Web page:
Published on 25th May 2020
Over the past 9 months, it has been my observation, along with the feedback of hiring managers that a lot of candidates are unprepared for their interviews. If you need assistance with your next role, please reach out to me.
Although a good interview isn’t the only factor that decides your success when job hopping, it is critical that you are prepared for the interview to have the highest chance of securing the job. However, I think most people will agree with me that the interview stage is the most critical part in the whole process of getting the job. For this reason, I caught up with Josh Davey, Director of Design at Neoteny, a behavioural design consultancy in Sydney. We put job seekers and candidates at the heart of our discussion today and talked about what a hiring manager like Josh looks for in talent, and high quality attributes shared by high performing candidates in the past.
Josh believes that using years of experience isn’t the best indicator of skills. When interviewing a candidate, he takes an open line of questioning, asking candidates to walk through past examples of their design process, tools and techniques, why those were used and how they led to achieving a particular outcome and what could have been done better.
He is looking to understand if people realise what they do well and don’t do well with these said tools or it was just a conscious decision to use these tools because someone else told them to. He also pointed out for me that in the design industry, too many designers have a cookie-cutter set of tools that they believe work for every project. Whereas, a good designer knows that each project will need a uniquely considered approach and tools. When interviewing, Josh usually asks a lot of questions to see if people are open to rethinking those tools or not, to get a picture of how well they are at execution and how much of a conceptual thinker they are.
At Neoteny, there is a lot of face time spent with clients where designers are expected to lead projects and work directly with clients. Josh believes that being able to communicate and advocate for great design is equally important as execution.
Josh emphasised that along with all the usual communication skills (body language, confidence, etc.), key to good communication in a design context, is being able to fluently shift between detail and strategy.
He usually asks both detailed and strategic questions about previous projects on why they chose a particular design pattern to see if they can take the question from a detailed to high strategic level and navigate that fluently, which is key to good communication in a design context.
When I asked for examples of the questions, he said the detailed level could be questioning why a particular colour or interface pattern was chosen and that the strategic level could be to describe how the business challenge was overcome as a result of the given project.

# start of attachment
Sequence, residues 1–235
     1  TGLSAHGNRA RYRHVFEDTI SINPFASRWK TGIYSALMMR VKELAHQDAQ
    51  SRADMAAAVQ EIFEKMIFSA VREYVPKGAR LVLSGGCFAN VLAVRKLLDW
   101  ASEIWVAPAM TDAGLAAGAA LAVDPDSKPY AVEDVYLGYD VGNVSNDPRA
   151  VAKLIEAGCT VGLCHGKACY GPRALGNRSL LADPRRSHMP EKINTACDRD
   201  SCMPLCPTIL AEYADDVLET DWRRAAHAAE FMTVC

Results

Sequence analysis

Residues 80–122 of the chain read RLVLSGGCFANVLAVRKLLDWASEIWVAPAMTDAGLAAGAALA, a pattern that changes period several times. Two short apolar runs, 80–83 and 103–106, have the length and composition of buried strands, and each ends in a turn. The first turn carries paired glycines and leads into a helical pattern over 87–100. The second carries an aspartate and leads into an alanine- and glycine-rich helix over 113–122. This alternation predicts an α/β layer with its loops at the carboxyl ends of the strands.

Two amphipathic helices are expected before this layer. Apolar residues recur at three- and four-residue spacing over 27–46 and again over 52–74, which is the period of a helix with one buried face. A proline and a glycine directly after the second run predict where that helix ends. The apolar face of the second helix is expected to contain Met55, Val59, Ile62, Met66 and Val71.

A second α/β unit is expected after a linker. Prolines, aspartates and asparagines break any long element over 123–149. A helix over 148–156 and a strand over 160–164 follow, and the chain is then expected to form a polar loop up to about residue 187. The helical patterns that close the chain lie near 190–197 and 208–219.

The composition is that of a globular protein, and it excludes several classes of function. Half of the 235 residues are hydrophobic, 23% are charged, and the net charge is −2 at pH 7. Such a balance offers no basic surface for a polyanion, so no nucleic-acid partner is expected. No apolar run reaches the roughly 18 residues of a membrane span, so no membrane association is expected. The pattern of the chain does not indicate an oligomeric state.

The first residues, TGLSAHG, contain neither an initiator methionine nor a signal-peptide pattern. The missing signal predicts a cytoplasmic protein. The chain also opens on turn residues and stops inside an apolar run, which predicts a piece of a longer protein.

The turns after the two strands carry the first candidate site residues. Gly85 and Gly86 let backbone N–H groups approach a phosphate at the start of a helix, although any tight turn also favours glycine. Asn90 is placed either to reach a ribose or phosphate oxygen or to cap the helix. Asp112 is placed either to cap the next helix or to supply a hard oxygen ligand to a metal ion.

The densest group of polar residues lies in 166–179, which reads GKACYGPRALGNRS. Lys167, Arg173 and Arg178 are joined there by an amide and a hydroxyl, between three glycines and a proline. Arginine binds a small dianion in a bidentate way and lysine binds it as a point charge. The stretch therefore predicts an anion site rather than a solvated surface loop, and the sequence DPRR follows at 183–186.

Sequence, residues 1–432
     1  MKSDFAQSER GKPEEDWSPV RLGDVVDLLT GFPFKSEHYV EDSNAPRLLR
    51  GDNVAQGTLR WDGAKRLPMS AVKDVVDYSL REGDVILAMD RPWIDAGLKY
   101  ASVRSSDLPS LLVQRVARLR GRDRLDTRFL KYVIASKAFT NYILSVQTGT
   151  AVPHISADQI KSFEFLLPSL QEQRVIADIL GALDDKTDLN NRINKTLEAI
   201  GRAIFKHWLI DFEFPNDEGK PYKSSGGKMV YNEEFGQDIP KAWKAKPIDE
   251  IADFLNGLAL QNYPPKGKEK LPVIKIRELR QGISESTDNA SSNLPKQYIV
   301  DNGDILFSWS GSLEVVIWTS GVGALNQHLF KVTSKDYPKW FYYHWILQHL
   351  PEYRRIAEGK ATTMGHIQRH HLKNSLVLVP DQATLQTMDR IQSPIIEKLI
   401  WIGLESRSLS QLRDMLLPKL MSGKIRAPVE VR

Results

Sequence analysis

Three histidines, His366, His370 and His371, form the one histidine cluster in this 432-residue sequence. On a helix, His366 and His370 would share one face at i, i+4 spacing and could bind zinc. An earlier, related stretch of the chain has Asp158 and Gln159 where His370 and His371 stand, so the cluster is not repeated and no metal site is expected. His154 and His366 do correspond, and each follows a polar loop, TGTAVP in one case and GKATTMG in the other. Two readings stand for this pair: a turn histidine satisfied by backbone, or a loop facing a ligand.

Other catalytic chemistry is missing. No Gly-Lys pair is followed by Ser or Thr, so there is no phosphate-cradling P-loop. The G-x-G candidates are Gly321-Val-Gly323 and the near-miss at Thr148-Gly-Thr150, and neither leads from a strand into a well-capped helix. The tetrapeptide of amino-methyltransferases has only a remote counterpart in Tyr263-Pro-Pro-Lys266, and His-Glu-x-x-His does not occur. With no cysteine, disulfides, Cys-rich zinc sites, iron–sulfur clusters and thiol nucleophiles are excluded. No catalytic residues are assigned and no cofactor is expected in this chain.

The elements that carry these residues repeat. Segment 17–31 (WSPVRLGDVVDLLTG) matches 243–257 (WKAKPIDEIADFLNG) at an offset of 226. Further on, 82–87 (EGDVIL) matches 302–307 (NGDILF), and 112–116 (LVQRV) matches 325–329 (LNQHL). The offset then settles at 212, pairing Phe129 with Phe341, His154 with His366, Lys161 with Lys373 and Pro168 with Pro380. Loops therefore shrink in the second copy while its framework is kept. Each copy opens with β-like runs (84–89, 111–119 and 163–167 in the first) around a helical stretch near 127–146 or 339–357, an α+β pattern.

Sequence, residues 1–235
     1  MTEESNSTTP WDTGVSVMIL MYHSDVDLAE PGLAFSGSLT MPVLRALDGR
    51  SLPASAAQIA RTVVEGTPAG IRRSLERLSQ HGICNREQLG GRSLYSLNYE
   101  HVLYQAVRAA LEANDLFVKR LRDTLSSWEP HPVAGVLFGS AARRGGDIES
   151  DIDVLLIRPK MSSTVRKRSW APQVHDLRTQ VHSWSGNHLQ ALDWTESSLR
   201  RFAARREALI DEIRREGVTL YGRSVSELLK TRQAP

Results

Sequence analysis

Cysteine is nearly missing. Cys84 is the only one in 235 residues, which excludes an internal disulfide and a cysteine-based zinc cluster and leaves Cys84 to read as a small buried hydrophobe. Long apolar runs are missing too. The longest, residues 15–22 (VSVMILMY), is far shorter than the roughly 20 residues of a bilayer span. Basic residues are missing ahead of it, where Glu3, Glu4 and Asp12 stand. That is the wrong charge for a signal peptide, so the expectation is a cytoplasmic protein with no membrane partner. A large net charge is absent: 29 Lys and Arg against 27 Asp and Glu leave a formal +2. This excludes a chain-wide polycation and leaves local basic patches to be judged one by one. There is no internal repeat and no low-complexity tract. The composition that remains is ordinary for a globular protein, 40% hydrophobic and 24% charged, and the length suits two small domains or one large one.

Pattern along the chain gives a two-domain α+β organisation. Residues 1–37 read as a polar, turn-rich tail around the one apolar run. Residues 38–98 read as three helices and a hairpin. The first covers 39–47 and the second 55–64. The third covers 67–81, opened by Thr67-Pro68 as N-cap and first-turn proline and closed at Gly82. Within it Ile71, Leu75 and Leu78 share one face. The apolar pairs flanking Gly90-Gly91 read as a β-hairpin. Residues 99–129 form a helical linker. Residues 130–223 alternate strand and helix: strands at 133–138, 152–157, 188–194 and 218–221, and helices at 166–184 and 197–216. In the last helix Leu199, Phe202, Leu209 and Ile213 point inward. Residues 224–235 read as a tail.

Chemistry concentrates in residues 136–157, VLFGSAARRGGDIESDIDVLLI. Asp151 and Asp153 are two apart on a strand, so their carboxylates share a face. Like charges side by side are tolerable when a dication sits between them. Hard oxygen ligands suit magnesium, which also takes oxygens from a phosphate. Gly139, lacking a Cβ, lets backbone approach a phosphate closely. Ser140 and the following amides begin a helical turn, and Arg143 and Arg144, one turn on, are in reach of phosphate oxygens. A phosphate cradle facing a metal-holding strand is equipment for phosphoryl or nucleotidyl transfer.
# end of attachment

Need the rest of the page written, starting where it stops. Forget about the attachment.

I know, I know. I’m sure we’ve all heard about ‘culture fit’ and may haven even been turned down from a job because of not being the right fit. The funny thing is not a lot of people can define the culture fit they look for in their team. I was so glad that Josh brought this up and actually talked me through his perspective
He said people have different responses and reactions to different people. That is why at Neoteny, they usually put candidates through multiple interviews to meet with different team members. He believes this helps the team mitigate against personal bias and debate the value and fit of that candidate and how he/she can be seen working with the team.
When looking at culture fit in an interview, Josh takes into consideration how balanced and equitable the attributes in the team are. For example, an introverted candidate could fit into the team now as the team has an imbalance towards extroverted people. But this can change anytime as time passes, and people grow or leave the organisation (no one stays in a company forever, right?)
Josh mentioned that it’s important for him to understand why people are motivated to be a designer. He argued that great design demands drive and motivation. He believes that candidates who are highly motivated will respond better to adversity and challenges that come with making and improving products and services, and will be more receptive and active in growing and developing their skills as you invest in mentoring and coaching.
A few questions he asks in interviews include ‘What is your favourite piece of design, and why?’ ‘If you could redesign anything, what would it be, and why?’ and ‘Why are you a designer?’. There are different variations to this question but his goal is to understand how motivated that candidate is, and the source of that motivation.
Besides the four areas above, he also expects the candidate to understand the business and ask him good questions (such as how they operate, their culture, purpose, mission and values). As to him, it shows that they value their time and that they are also interviewing Neoteny to understand if this environment is the right fit for them. This can serve as an indicator that the candidate understands and values their own time and ability.
I can’t agree more with Josh on this. Something I always say to my candidates is, ‘Make sure you ask questions. You are not there just to answer their questions’. A good interview is when the hiring manager and candidate interview each other.
In this current market, it is extremely competitive to secure your dream job. I hope these insights will be helpful to a lot of job seekers out there. Contact me if there is anything else you would like to know about to help you with your job search and interview process.
Hiring managers, are these also the keys that you look for when interview people? Do you agree with Josh? I would love to hear from you, reach out here.